Thai King Bhumibol Adulyadej has expressed concern about next week's court ruling on whether the country's two main parties should be disbanded.
King Bhumibol is highly revered throughout Thailand
"You have the responsibility to prevent the country from collapsing," he warned Constitutional Court judges in a rare televised address late on Thursday.
He said that whatever the verdict, the judges would face criticism.
King Bhumibol, who has been on the throne for more than 60 years, is highly revered by his people.
While he has no formal political power, his interventions are taken very seriously by the country's political leaders.
The Constitutional Court is due to decide on 30 May if the former ruling Thai Rak Thai (Thais Love Thais) Party and its main opposition Democrat Party violated election law during last year's political crisis.
A series of street protests led to Thai Rak Thai calling a snap election, which the Democrat Party boycotted.
In the aftermath of the poll, both parties were accused of trying to manipulate results, violating election laws. The election was later annulled, and after weeks of turmoil the military staged a bloodless coup.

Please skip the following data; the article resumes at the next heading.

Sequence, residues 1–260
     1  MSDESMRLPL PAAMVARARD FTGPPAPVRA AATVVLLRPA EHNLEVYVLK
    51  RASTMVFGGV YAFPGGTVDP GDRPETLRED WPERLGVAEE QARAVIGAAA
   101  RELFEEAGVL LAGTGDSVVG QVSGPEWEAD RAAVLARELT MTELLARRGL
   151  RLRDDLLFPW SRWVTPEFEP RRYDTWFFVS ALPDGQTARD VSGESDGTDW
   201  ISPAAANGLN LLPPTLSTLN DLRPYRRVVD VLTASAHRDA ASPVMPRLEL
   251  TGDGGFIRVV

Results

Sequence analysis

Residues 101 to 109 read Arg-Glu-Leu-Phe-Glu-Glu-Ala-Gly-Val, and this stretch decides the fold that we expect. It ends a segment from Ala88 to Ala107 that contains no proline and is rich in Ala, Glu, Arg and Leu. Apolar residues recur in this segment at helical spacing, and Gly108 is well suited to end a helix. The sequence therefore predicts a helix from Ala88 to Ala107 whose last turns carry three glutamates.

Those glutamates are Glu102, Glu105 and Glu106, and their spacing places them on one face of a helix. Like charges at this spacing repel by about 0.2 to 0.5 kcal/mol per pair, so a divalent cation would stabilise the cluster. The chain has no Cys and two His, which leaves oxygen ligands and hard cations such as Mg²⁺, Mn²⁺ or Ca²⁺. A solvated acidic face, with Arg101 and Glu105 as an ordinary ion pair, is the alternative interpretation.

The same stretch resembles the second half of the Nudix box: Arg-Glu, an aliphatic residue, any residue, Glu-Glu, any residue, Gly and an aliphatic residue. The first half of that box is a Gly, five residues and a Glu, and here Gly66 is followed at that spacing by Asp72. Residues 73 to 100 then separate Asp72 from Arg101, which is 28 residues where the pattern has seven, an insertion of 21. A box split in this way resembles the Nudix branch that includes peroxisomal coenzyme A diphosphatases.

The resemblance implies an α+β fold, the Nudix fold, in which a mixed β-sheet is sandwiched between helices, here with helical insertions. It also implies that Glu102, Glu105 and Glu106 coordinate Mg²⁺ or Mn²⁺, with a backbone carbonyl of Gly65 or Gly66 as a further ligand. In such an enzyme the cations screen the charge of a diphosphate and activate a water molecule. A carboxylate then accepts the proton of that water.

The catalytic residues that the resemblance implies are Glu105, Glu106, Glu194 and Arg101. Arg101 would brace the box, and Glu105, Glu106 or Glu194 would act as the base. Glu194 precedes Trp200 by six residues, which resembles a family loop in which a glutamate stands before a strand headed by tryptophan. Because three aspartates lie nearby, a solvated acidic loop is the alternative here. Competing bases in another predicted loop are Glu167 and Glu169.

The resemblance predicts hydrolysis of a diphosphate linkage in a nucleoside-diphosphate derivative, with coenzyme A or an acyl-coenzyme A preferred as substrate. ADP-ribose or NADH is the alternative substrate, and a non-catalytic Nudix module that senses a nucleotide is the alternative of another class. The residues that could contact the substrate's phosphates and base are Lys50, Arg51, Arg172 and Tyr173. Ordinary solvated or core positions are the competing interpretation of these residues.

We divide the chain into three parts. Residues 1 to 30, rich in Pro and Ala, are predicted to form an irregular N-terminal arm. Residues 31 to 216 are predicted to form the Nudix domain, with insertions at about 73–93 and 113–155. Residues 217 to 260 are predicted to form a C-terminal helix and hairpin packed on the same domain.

If the Constitutional Court judges find the two parties guilty, both face being disbanded.
Their top leadership, including former Prime Minister Thaksin Shinawatra who is currently in exile abroad, could be banned from politics for five years.
King Bhumibol told the court's judges: "I urge you to prepare yourself to be ready to criticise or be criticised in the capacity of learned men, to prevent the country from falling into a crisis."
Mr Thaksin's Thai Rak Thai party could be disbanded
The ruling is "highly important", he added. "Whatever the verdict is, it will bring damage to the country."
Analysts say the king seems to be implying that either supporters of Mr Thaksin or supporters of the generals who ousted the former prime minister in September's coup are bound to be annoyed by the verdict.
There are fears that a ruling against Thai Rak Thai might prompt street demonstrations, with a former Thai Rak Thai deputy threatening to mobilise thousands of protesters if the court rules against it.
The authorities have already warned they will impose an emergency decree if the situation gets violent.
But if Thai Rak Thai is not disbanded, analysts fear that the justification for the military coup that ousted Thai Rak Thai would be undermined.
Traditionally the king rarely makes public addresses such as the one on Thursday evening.
But this was his second in just over a year - a fact some analysts say is indicative of the nation's ongoing political turmoil.
King Bhumibol has seen 24 prime ministers, 18 coups and 17 constitutions during his 60-year reign.
The military-appointed government which came to power after the September takeover has promised that new elections will be held by the end of this year, after a fresh constitution has been drafted and submitted to a referendum.